"For plurals of pronouns, see English personal pronouns".
That sounds sensible to me, though a hatnote might be a good idea. --Boson (talk) 00:08, 7 January 2017 (UTC)

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Plurals in -ata[edit]

I should like to see it brought out that Latin plurals like errata and Greek ones like dogmata should be pronounced differently. In England at any rate there is a strong tendency for people to treat the first a in dogmata etc as a long Latin vowel. It is short, of course. Seadowns (talk) 00:17, 26 August 2017 (UTC)Seadowns (talk) 10:26, 26 August 2017 (UTC)

I have now added a note to the article to get over what I meant to say before, but wrote badly and obscurely the first time. Seadowns (talk) 11:26, 31 August 2017 (UTC)

Although I agree with you that, e.g., stig-MAH-tuh is ugly, and STIG-muh-tuh is better (and is what the 1910 OED gives), Wikipedia is not a prescriptive dictionary, and doesn't give advice. The common pronunciations seem (alas) to have changed, and the Merriam-Webster offers both pronunciations. Arguing from the Greek and Latin pronunciation isn't helpful, because English pronunciation often doesn't follow it, and is WP:OR without a source. If you can find sources (Fowler?) about the pronunciation, the appropriate way to add the information would be something like:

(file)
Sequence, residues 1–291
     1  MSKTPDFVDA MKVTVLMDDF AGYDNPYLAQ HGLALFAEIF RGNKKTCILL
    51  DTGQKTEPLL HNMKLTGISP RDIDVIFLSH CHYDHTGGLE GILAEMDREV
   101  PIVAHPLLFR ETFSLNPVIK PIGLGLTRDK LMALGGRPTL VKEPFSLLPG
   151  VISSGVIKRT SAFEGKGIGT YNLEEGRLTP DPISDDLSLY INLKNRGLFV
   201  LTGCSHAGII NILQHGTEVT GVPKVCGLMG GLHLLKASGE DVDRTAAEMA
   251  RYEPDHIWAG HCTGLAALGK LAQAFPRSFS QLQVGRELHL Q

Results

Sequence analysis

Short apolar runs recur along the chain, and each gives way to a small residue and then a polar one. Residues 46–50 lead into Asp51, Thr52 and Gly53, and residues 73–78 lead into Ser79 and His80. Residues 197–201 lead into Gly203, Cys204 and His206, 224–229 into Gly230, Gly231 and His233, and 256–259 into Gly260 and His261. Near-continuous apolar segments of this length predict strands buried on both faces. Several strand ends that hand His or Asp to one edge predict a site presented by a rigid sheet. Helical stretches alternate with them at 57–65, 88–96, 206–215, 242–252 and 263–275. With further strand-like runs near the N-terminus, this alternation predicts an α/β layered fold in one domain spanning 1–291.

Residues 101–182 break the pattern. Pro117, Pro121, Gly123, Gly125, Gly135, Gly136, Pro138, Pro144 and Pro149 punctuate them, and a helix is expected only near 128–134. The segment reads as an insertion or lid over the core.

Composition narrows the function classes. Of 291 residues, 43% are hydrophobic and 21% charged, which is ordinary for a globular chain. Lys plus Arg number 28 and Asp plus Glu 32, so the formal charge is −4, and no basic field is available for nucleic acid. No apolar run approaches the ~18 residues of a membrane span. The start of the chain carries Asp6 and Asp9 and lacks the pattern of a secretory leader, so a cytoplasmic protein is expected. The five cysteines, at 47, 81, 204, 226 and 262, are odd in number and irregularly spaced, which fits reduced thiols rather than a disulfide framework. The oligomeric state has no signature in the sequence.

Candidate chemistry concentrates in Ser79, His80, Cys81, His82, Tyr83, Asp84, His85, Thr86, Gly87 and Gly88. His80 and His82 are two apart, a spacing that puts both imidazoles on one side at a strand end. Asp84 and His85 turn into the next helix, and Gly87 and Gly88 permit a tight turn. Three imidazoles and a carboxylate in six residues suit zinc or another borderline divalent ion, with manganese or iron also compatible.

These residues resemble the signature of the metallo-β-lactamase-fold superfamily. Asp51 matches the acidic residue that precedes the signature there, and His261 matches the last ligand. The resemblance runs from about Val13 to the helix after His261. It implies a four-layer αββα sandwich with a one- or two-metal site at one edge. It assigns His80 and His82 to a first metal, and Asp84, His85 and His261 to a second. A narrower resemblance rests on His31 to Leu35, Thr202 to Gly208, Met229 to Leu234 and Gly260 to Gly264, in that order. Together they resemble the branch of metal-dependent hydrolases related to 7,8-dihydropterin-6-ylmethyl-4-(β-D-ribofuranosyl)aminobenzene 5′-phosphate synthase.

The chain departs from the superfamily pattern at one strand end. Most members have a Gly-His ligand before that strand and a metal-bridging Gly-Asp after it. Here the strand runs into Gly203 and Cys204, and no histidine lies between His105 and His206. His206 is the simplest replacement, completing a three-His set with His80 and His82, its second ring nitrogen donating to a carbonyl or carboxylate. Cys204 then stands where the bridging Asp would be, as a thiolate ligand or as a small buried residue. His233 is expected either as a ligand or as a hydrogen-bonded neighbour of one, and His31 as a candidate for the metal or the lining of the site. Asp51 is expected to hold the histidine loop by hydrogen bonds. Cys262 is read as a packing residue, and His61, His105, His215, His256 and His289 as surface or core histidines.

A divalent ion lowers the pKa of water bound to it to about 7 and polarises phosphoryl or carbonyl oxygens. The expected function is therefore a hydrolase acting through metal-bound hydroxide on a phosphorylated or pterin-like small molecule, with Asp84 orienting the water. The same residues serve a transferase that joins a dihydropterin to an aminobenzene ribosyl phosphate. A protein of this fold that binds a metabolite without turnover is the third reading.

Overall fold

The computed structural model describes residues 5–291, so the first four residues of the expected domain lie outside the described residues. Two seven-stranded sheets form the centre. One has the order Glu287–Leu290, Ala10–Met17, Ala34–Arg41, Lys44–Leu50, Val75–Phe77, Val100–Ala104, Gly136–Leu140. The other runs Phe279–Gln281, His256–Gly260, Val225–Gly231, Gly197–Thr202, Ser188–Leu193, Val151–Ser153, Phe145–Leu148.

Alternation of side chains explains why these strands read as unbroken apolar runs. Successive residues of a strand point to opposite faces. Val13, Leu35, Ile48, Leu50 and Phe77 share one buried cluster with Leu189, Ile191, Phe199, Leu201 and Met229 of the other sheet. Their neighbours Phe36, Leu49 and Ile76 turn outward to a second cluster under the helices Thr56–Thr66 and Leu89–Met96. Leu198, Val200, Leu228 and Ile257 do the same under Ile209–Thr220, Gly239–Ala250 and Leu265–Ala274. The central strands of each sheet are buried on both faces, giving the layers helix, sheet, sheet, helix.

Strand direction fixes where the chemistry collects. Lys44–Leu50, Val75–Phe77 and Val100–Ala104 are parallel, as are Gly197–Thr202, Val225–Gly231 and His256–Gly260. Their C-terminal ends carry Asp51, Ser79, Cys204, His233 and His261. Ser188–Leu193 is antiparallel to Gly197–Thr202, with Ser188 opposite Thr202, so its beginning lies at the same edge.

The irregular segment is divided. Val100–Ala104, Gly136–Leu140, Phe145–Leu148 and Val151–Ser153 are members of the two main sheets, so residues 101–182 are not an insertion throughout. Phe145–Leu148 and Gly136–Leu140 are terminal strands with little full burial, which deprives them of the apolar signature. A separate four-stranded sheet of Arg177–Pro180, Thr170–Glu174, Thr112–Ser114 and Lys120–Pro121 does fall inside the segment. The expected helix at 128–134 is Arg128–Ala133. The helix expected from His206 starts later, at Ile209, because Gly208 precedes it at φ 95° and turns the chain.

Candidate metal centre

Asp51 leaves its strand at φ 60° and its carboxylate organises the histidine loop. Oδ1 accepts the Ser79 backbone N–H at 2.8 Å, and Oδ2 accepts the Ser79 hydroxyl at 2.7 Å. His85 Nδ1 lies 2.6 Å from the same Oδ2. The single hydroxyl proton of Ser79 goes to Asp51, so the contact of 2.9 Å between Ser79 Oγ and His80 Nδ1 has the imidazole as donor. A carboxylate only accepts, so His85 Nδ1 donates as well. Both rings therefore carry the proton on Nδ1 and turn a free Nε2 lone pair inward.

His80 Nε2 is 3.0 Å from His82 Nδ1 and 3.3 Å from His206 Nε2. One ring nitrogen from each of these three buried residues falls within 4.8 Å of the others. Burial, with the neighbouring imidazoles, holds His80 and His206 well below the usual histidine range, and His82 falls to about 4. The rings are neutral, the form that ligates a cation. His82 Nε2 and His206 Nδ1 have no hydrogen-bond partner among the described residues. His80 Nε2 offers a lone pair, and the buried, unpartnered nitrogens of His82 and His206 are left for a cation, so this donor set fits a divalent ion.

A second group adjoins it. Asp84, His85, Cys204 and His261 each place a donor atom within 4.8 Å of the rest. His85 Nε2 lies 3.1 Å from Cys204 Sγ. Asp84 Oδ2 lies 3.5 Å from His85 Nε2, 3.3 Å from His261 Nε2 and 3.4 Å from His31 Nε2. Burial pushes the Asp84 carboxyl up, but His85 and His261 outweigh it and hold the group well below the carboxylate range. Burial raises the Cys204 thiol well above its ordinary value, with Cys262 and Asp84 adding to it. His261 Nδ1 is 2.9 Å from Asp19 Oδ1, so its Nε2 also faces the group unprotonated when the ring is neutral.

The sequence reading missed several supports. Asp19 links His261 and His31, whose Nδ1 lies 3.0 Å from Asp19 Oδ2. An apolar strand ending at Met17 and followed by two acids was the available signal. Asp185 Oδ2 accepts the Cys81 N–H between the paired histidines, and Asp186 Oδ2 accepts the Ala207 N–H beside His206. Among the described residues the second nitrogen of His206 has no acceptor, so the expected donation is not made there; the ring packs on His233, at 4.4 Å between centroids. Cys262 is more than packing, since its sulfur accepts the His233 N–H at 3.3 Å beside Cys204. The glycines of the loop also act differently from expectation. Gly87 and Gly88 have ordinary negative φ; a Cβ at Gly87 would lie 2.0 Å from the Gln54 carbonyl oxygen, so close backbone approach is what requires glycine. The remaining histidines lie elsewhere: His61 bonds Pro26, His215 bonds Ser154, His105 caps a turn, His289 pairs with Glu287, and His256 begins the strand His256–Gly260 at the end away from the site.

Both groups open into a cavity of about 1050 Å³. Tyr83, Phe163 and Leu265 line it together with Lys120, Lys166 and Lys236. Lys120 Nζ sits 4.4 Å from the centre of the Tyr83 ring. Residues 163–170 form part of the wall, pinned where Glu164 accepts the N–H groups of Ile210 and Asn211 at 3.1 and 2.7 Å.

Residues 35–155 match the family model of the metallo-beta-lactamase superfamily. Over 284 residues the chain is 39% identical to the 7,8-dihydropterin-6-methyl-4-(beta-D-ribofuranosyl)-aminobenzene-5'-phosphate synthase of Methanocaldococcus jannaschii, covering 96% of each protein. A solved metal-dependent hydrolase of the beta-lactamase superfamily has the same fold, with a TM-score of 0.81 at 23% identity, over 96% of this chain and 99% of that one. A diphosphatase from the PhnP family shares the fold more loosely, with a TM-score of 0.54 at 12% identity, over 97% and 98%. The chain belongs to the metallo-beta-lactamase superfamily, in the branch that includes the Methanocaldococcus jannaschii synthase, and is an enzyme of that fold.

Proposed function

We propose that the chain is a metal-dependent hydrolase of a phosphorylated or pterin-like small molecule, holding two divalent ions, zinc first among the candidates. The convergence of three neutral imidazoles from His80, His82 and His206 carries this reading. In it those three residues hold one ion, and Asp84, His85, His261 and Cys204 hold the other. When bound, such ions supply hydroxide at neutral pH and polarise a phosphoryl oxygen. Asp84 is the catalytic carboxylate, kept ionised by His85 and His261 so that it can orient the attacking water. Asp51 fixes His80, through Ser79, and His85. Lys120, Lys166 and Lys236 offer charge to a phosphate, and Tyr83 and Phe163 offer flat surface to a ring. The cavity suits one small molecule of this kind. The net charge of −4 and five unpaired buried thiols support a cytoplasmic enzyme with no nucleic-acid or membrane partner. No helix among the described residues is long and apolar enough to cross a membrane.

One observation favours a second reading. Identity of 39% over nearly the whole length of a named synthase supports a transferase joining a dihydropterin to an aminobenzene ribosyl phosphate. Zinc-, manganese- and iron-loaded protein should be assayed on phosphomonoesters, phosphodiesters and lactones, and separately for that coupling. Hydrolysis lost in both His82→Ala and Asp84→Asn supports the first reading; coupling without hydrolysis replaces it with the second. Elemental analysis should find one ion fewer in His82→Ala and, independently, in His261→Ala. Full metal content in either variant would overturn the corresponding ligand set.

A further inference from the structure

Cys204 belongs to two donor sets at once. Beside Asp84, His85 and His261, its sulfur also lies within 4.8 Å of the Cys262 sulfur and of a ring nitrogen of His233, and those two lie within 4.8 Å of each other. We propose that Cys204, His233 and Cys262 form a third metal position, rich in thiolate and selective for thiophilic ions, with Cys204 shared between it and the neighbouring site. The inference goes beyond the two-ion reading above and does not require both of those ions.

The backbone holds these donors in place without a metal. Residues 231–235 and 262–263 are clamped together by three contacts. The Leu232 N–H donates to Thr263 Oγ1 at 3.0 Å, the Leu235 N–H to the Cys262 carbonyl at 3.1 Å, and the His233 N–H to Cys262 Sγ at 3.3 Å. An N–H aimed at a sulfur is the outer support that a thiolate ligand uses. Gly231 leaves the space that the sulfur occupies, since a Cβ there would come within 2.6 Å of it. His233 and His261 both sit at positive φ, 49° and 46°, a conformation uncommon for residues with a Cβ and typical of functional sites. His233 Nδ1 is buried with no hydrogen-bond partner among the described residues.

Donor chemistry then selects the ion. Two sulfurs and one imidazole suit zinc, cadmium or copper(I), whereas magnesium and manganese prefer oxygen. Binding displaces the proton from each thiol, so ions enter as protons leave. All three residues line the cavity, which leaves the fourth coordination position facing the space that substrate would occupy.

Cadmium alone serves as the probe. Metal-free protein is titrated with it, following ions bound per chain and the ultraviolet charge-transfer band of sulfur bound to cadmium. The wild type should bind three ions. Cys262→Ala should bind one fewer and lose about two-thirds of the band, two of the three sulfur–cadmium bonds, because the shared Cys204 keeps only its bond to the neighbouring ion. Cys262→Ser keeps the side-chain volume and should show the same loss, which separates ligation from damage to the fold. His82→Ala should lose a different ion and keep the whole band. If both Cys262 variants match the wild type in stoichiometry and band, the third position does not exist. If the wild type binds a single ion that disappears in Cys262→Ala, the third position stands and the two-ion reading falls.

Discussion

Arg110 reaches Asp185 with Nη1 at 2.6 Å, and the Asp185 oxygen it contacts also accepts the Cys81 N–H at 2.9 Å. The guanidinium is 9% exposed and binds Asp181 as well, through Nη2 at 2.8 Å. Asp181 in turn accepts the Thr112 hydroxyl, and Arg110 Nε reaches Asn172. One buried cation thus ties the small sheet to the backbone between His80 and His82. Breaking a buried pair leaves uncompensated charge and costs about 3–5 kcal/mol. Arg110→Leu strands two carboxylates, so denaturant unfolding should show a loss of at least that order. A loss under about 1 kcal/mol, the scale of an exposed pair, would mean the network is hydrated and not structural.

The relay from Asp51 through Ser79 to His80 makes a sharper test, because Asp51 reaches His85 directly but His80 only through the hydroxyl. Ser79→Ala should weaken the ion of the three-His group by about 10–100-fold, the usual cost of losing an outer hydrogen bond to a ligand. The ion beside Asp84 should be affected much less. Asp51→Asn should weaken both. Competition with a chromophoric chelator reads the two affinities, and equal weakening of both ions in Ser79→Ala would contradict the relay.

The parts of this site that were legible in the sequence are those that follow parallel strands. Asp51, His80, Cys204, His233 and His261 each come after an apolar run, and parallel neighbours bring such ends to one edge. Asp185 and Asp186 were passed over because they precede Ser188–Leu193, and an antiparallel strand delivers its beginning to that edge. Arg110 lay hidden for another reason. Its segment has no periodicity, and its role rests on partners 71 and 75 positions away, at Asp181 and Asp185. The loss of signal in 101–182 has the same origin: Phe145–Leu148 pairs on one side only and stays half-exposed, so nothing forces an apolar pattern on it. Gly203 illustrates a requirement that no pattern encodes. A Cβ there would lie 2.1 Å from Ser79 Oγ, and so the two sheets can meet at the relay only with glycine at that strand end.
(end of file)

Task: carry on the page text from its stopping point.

Modern dictionaries give both antepenultimate and penultimate stress for plurals in -ata,((refs)) but traditional grammars argue that the Greek stress, on the antepenultimate, should be followed in English as well.((refs))
Also, article contributions shouldn't be signed.
Best, --Macrakis (talk) 13:36, 31 August 2017 (UTC)
Ah, well. An elitist's lot is not a happy one. Seadowns (talk) 20:19, 31 August 2017 (UTC)
They mispronounce it in Latin too, as I discovered when I bought Pope's Selecta Poemata Italorum Qui Latine Scripserunt from an "eminent bookseller". It is inarguably a false quantity and wrong in that title. Seadowns (talk) 11:03, 4 September 2017 (UTC)
I've now added a little note about the quantity in Greek and Latin, without saying how that should affect English pronunciation. I hope it can stand. Seadowns (talk) 11:19, 11 September 2017 (UTC)
Please indent (using :::) your comments to make the discussion easier to follow.